Jason Squire and Rebecca Case
You sunk my carriage battleship!
By Jason Squire
A carriage motion is meant to determine which one of a number of competing proposed class proceedings may proceed in a province. When there are parallel or related class proceedings in other jurisdictions, the situation is more complex as there is no real mechanism for the court of one jurisdiction to stay or make a determination of preferability on class proceedings in another jurisdiction.
In Kowalyshyn v Valeant Pharmaceuticals Inc., 2016 ONSC 3819, two competing securities class actions, O’Brien and Kowalyshyn, were present in Ontario. In addition, there were two similar class proceedings in BC, one in Quebec and several in the US. Each class action was with respect to alleged misrepresentations made by Valeant Pharmaceuticals that cost investors approximately $60 billion worldwide. One of the Ontario actions, Kowalyshyn, was associated with the two BC proceedings and the other, O’Brien, with the Quebec proceeding.1 Plaintiffs’ counsel in the two Ontario actions, O’Brien and Kowalyshyn, ultimately proceeded to a carriage battle to determine who should control the litigation.
Justice Perell compared the two claims using the traditional factors considered on carriage motions. All but two of those factors were neutral and two slightly favoured the O’Brien action.2 Justice Perell also considered a new factor, the interrelationship of class proceedings in other provinces. For Justice Perell, this new factor ultimately determined the motion.3
After summarizing the problem of multiplicity of class actions, Justice Perell identified and described six problems that confront the goal of judicial economy and the avoidance of a multiplicity of class proceedings in class actions. These are:
- the right of a putative class member to opt-out (right of individual actions to proceed alongside class actions);
- influence and importance of class size and class member loyalty;
- law firms prospecting for quick profit from class action work;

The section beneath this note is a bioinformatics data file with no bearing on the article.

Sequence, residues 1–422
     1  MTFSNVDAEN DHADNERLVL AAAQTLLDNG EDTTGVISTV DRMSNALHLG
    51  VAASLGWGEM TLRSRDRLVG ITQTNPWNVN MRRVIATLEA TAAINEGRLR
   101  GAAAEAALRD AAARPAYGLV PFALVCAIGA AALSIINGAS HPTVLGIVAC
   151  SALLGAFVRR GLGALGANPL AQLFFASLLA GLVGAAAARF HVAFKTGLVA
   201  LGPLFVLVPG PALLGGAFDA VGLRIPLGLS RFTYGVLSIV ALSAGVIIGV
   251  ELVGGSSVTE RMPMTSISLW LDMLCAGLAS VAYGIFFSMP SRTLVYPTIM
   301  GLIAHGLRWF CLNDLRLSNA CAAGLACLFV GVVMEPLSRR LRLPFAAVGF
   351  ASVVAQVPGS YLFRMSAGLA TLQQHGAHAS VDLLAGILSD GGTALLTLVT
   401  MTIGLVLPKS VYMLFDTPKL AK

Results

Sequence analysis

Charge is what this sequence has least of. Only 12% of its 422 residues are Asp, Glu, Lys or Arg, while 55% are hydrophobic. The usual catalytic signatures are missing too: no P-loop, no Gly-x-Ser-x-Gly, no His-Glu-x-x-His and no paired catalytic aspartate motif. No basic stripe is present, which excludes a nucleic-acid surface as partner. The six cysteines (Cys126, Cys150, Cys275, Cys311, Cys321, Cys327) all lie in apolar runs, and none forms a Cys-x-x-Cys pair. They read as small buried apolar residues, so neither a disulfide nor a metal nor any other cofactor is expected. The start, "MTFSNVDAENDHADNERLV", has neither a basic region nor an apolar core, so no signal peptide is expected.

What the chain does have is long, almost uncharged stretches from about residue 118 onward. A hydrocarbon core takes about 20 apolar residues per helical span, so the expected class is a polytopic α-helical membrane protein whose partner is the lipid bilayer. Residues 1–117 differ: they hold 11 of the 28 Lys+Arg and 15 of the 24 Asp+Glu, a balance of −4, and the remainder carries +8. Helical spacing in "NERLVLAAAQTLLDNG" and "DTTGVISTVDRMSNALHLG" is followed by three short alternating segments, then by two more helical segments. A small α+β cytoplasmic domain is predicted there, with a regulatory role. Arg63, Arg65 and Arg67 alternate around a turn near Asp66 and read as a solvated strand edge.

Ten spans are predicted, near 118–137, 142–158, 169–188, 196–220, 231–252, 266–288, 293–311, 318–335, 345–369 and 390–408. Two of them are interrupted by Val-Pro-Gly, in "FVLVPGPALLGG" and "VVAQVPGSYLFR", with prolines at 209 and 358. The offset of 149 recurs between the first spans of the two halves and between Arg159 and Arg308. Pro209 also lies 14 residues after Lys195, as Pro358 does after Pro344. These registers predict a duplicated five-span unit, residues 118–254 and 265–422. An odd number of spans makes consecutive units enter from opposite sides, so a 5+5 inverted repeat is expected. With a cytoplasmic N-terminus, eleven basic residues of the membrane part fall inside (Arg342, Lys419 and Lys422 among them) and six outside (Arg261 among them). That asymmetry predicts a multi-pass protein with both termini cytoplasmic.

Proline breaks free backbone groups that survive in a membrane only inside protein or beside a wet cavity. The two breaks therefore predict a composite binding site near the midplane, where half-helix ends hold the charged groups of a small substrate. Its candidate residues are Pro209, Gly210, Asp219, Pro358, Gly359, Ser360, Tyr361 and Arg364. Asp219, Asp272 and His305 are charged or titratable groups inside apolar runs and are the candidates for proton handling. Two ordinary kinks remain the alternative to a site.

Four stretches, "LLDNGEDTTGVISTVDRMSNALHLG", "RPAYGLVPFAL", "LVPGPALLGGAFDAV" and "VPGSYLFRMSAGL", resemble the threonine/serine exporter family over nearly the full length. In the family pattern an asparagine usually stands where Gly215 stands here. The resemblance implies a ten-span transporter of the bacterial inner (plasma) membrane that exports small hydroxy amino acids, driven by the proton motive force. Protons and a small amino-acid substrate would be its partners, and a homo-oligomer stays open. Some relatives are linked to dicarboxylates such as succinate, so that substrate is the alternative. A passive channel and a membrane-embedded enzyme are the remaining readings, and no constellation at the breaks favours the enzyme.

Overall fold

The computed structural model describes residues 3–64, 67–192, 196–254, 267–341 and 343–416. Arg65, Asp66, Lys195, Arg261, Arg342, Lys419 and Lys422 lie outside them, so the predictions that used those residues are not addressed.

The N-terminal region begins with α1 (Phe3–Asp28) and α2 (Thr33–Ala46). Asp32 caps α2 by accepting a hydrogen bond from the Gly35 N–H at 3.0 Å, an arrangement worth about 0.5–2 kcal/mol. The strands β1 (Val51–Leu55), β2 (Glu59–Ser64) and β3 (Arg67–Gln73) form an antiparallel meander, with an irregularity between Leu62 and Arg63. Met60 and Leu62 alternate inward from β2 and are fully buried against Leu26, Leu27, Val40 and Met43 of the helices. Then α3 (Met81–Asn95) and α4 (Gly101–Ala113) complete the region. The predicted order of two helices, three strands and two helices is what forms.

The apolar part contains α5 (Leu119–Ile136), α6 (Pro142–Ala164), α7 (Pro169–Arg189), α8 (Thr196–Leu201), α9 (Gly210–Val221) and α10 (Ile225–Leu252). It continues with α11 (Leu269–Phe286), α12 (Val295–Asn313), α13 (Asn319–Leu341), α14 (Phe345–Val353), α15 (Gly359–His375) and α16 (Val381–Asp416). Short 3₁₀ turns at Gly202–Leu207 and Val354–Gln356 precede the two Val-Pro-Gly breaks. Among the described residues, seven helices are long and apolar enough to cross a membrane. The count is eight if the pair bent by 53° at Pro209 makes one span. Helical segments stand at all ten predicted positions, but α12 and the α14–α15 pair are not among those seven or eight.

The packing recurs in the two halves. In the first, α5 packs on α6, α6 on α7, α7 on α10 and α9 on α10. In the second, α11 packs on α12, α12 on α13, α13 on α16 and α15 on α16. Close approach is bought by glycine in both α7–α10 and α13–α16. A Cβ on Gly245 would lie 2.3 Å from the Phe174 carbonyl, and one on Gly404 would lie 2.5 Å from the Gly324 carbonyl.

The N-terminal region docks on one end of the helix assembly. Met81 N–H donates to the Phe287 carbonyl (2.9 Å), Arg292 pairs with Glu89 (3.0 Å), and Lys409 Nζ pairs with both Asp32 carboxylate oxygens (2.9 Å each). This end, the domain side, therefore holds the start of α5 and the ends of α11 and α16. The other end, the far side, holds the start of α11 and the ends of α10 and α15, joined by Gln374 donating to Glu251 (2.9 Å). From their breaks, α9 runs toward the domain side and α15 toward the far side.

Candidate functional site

- defendants double dealing;
- absence of ability to consolidate proceedings that are initiated in multiple jurisdictions; and
- rarity of local class actions and prevalence of parallel regional, national or global class actions that are difficult to cull.4
Justice Perell found that the O’Brien action was really a camouflaged stay motion brought by Ms. O’Brien on behalf of the Quebec plaintiff, Mr. Catuci. As the Catuci action was global in scope it was not clear what the purpose was for commencing the Ontario O’Brien action, unless it was to protect the viability and strength of the Quebec action. Ms. O’Brien argued that the Catuci proceeding was the most advanced and allegedly superior of all the Canadian proceedings and initially advised that she intended to hold the O’Brien action in limbo if granted carriage in Ontario.5
In these circumstances, what was most appropriate was forcing the parties to deal directly with the matters really in issue - the multiplicity of national class actions, how many class actions were needed to serve the purposes of the class action regimes across the country and whether one was really needed in Ontario – which questions could not be determined on a carriage motion.6
As a result, carriage was provisionally granted to Ms. Kowalyshyn by temporarily staying the O’Brien action subject to the stay being lifted if Mr. Catuci or the defendants brought a motion to stay the Kowalyshyn action in Ontario. Similarly, if Ms. Kowalyshyn wished to continue to pursue a national class action, then she would need to bring a stay motion in Quebec of the Catuci action. The stay might also be lifted if Ms. O’Brien was able to show strong cause why this should be so. Finally, Justice Perell noted that if Ms. Kowalyshyn agreed that Ms. O’Brien’s action could be consolidated with her action the temporary stay could also be lifted.7
This decision serves as a cautionary tale to plaintiffs’ counsel to carefully select the type of motion that they will bring if they are unable to reach agreement with competing plaintiffs’ counsel.
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1Kowalyshyn v Valeant Pharmaceuticals Inc., 2016 ONSC 3819 at paras 5-7, 52
2Ibid at paras 143-144, 175, 179, 182, 183, 189, 191, 194, 201, 202, 206, 210, 216, 221-223
3Ibid at para 10
4Ibid at paras 239-257
5Ibid at paras 9, 269-271. See also para 58 where it is set out that the Kowalyshyn consortium intended to discontinue one BC proceeding and maintain the other BC as it asserted an oppression remedy claim.
6Ibid at paras 271-272
7Ibid at paras 12, 273, 276